How Interior Design Plays a Role in Architecture at Taylor Morrison

By Carol Thompson, VP of Purchasing at Taylor Morrison, Inc.

When we think about how a house gets to be move-in ready, we think about the architect penciling lines on big blue paper. We picture guys in hard hats moving dirt around and pouring concrete. We envision landscapers laying fresh sod on front lawns and planting shrubs. We can even see the potential homebuyer driving slowly past and imagining a life there. We watch them getting the keys. Then — and only then, do we think about the interior designer, loaded down with fabric samples and paint swatches.

What would change if the architect and the interior designer had the opportunity to work collaboratively from Day 1? How would the results differ? What would a house look like if it were simultaneously planned inside and out?

Enter the NEXTadventure™ Home.

That’s just what we did when planning the NEXTadventure™ home at Esplanade at Canyon Ranch in Orlando, Florida. The NEXTadventure™ home is a future-forward model home that showcases the very best thought leadership in the industry —  all collaborating on one project. We’ve started with a multi-disciplinary team — architect, interior designer, builder, landscape engineer (and other vendors)  — and designed a home that is truly unique.

When we start with the best and the brightest on one team, good ideas become great ideas. Everyone stays true to the customer. We all take ownership in the results. We are continually asking ourselves, “Is this something that I would love? What about my friends?”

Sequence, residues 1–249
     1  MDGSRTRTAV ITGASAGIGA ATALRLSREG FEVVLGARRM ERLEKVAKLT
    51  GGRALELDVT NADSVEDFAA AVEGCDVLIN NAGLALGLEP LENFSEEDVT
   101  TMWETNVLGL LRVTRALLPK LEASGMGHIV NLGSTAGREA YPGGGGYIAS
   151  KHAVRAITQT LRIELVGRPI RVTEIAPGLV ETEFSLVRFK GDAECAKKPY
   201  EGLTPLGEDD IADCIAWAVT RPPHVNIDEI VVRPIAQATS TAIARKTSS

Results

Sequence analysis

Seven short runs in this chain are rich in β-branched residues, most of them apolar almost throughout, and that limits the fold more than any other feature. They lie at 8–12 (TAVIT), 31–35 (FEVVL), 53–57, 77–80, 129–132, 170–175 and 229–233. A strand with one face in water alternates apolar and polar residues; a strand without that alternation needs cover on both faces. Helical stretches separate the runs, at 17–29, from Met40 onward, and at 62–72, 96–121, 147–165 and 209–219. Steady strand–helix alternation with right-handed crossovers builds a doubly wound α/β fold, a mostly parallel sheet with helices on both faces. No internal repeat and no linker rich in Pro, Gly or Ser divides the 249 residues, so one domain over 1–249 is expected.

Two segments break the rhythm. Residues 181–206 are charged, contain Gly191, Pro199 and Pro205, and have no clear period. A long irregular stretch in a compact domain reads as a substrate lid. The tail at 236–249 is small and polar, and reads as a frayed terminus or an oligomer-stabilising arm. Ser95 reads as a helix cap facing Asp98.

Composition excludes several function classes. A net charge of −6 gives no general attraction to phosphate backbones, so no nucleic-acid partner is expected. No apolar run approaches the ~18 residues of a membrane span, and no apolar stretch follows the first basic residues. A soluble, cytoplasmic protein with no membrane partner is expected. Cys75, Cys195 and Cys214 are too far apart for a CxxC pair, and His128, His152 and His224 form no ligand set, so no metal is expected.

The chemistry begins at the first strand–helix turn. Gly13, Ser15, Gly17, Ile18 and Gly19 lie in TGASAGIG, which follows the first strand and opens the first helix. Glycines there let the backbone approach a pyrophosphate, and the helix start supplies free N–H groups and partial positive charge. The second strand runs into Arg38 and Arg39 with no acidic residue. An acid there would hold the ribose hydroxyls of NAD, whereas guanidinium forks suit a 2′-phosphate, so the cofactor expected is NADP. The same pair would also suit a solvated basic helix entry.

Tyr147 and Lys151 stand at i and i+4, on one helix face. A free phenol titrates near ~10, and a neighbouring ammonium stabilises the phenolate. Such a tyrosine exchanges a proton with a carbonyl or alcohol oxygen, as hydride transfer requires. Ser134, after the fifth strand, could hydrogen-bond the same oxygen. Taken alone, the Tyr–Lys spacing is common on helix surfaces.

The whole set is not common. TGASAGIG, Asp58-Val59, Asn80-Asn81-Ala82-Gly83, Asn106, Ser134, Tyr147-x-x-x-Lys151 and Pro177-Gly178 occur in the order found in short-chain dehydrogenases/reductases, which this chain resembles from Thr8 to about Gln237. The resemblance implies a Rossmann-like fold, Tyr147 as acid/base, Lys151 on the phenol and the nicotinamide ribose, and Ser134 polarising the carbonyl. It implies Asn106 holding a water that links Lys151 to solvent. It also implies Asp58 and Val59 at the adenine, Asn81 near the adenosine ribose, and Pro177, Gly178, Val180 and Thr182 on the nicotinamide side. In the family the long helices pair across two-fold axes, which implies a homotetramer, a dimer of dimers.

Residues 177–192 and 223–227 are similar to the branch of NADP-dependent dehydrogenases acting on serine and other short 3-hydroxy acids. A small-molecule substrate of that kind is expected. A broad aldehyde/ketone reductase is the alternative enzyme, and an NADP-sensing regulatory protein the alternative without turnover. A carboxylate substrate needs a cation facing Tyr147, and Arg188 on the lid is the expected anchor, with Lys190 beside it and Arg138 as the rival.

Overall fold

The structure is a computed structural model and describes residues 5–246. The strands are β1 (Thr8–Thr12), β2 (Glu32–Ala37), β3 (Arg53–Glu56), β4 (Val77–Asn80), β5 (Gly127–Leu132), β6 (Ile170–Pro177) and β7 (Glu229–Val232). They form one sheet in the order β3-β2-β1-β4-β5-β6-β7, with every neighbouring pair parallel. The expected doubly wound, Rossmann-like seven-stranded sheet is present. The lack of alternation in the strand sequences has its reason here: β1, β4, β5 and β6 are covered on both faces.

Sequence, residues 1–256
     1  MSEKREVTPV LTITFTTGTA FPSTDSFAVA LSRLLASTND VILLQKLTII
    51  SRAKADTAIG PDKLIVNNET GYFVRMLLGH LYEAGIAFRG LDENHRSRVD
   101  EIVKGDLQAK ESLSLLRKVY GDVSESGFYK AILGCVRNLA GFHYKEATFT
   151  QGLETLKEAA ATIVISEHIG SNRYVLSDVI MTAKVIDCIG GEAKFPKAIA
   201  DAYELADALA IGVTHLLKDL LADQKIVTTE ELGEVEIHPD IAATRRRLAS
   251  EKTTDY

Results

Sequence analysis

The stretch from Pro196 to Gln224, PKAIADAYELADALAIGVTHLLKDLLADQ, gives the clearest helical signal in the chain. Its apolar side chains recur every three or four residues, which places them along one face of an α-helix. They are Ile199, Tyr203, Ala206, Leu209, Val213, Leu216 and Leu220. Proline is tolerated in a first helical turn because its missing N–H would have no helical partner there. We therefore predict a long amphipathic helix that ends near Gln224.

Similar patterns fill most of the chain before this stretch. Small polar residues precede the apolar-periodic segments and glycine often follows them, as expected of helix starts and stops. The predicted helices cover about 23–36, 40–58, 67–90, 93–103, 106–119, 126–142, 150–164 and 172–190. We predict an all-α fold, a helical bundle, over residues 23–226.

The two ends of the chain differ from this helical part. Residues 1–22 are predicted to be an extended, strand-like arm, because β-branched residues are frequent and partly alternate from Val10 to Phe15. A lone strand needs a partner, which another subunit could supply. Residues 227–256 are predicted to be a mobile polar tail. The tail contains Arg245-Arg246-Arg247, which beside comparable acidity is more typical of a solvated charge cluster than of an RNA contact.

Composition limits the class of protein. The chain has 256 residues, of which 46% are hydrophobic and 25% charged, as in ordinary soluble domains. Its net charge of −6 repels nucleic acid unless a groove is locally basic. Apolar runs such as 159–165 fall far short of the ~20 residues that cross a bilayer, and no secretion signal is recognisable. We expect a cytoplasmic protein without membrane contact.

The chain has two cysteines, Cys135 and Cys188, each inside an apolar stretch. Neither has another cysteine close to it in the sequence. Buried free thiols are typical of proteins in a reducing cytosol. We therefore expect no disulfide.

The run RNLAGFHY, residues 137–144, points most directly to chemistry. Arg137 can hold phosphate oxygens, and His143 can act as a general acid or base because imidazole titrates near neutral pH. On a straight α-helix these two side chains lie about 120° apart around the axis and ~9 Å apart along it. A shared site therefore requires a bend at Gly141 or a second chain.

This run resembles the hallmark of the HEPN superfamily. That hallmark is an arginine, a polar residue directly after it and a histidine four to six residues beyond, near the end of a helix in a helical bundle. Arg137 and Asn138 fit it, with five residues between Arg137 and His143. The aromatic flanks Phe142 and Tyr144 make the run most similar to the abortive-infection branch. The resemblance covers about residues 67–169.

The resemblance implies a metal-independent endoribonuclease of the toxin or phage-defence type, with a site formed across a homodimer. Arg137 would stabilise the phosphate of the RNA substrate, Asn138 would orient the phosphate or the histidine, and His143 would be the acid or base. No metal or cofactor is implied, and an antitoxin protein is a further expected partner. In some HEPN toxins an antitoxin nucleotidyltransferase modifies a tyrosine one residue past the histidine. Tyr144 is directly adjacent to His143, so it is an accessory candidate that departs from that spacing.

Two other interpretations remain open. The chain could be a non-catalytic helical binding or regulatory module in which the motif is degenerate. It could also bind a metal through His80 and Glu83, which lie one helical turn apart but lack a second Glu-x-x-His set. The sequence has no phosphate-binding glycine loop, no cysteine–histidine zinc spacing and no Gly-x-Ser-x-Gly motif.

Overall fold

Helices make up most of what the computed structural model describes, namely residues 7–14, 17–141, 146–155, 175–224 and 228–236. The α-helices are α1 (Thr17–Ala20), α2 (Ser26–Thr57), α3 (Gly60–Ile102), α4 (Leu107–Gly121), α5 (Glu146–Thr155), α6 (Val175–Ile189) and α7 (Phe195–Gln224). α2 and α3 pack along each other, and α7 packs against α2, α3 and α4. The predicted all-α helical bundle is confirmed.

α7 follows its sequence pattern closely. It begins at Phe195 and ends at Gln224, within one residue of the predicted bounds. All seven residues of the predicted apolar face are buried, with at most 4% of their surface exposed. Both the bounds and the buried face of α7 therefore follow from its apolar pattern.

How has this approach influenced our architecture?

Because interior designers work so intimately with homeowners, they don’t just keep track of the trends but have their fingers on the pulse of how people are living their everyday lives. In the NEXTadventure™ home, the team at Lita Dirks & Co. prioritized the development of flex spaces, transformative areas that can reconfigure at a moment’s notice. A spare bedroom becomes a den with a few pieces of modular furniture. A cubby area can quickly become a craft room or a study.

Another influence from the world of interior design is the increased connectivity between indoor and outdoor living spaces. Kitchens move outdoors, while the sun moves indoors. The divide between in and out becomes almost seamless.

Is collaboration the new industry standard?

Everyone working on the NEXTadventure™ home has been incredibly inspired by this process. Every single person on the team is confident in the project’s progression and their part in it. If someone has a strong opinion about something, there is a place for that voice. As the economy continues to improve along with technology, collaborative house planning may indeed start to become the norm.

Watch this innovative model in action as we build the NEXTadventure™ home in celebration of the 2017 International Builders Show. Join the conversation by using hashtag #NEXTadventure.

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